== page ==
Walter H. & Leonore C. Annenberg Professor of the Natural Sciences (Emeritus)
Biological, Chemical Physics, and Physical Chemistry
University of Pennsylvania
He has served as the director of the Complex Materials Collaborative Team at the Advanced Photon Source, on the Scientific Advisory Committee and Advisory board at the Spallation Neutron Source, and on the Executive Committee for Cold Neutrons in Biology and Technology Team at NIST. Blasie earned his PhD at the University of Michigan in 1968. Dr. Blasie’s research program has two main focus areas, namely nano-scale materials science and fundamental biophysics (or biophysical chemistry). The materials science effort is directed toward the development of novel electro-optical devices, both single particle and 2-D to 3-D ensemble based, utilizing the unique microscopic properties of designed cofactor-artificial peptide complexes. The biophysics effort strives to develop understanding of the mechanism of volatile general anesthetic action on membrane ion channels.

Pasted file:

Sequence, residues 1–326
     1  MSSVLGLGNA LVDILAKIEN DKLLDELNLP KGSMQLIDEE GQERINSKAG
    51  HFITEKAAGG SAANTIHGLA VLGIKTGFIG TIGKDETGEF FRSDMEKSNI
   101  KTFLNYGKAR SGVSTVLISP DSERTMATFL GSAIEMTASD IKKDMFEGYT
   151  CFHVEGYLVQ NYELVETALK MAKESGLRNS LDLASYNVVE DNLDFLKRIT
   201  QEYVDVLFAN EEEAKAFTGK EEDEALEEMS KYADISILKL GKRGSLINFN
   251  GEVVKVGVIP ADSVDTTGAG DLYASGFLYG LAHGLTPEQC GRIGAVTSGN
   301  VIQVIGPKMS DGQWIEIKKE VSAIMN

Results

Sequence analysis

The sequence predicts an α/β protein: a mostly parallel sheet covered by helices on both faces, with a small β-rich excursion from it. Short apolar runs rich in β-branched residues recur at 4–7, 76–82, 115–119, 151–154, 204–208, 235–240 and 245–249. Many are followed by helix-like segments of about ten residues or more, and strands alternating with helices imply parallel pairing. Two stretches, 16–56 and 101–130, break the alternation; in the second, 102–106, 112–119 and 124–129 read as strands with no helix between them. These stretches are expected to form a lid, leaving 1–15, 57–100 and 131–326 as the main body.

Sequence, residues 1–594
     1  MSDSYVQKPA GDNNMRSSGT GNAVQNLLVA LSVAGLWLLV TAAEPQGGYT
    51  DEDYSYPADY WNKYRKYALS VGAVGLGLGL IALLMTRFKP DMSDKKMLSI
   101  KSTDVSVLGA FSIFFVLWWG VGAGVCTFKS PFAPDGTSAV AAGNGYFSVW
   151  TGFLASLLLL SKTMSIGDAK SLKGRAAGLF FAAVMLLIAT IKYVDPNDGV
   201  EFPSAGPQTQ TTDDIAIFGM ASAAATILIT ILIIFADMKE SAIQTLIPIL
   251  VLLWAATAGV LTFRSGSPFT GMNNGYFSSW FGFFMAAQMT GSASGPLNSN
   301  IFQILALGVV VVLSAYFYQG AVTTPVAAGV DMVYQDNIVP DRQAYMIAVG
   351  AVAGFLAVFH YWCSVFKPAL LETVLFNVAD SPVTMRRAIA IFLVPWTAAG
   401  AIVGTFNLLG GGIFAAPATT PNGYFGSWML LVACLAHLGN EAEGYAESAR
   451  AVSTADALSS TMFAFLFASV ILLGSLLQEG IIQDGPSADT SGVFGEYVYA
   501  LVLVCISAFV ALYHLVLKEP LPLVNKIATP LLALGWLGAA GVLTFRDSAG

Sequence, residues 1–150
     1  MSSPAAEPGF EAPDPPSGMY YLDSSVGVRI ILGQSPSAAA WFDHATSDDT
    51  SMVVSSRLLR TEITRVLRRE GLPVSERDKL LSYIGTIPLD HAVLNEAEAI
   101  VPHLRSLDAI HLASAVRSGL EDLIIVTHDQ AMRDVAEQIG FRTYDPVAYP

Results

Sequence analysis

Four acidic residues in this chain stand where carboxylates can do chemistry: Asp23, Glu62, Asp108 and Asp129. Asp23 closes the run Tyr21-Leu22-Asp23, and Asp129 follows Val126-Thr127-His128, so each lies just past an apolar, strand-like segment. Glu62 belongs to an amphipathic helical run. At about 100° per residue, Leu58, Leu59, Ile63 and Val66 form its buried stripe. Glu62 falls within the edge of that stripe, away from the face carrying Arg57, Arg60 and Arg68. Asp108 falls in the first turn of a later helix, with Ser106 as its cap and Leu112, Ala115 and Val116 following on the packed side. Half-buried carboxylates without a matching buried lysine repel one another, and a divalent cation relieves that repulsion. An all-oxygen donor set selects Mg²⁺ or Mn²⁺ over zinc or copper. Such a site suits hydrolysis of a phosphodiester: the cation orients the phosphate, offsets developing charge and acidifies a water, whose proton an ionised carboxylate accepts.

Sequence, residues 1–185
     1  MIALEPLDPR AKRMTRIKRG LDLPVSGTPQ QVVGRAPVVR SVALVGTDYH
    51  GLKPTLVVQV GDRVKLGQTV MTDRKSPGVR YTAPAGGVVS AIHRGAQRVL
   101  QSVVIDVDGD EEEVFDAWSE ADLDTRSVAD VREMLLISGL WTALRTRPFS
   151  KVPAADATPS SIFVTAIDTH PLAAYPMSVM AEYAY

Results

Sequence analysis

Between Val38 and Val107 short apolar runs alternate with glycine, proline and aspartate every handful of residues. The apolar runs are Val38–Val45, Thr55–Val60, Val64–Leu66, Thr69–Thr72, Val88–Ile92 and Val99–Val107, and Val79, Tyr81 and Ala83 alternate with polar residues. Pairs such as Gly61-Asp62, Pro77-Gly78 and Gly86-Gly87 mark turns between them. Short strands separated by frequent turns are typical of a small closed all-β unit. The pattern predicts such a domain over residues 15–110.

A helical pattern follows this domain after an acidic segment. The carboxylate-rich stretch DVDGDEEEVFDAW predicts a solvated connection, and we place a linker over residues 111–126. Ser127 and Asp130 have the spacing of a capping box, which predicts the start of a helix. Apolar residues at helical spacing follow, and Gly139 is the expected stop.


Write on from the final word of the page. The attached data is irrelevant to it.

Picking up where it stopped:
Professor of Materials Science and Engineering
The Pennsylvania State University
Dr. Sinnott received her B.S. degree with honors in Chemistry from the University of Texas in 1987 and her doctoral degree in Physical Chemistry from Iowa State University in 1993. From there, she joined the Naval Research Laboratory, Surface Chemical Branch, in Washington D.C. as a National Research Council Post Doctoral Associate until 1995. Afterwards, Dr. Sinnott became an Assistant Professor in the Department of Chemical & Materials Engineering at the University of Kentucky through 2000. She then began her tenure at the University of Florida, where she was an Associate Professor of Materials Science and Engineering until her promotion in 2005 to the rank of Professor of Materials Science and Engineering. In 2007 she became an Affiliate Professor in the Department of Mechanical and Aerospace Engineering, and in 2012 she was named the Alumni Professor of Materials Science. Dr. Sinnott also became a member of the Quantum Theory Project in 2011 and the Director of the Cyberinfrastructure for Atomistic Simulation (CAMS) in 2012. In 2015 Dr. Sinnott joined the Pennsylvania State University as Professor and Department Head of Materials Science and Engineering.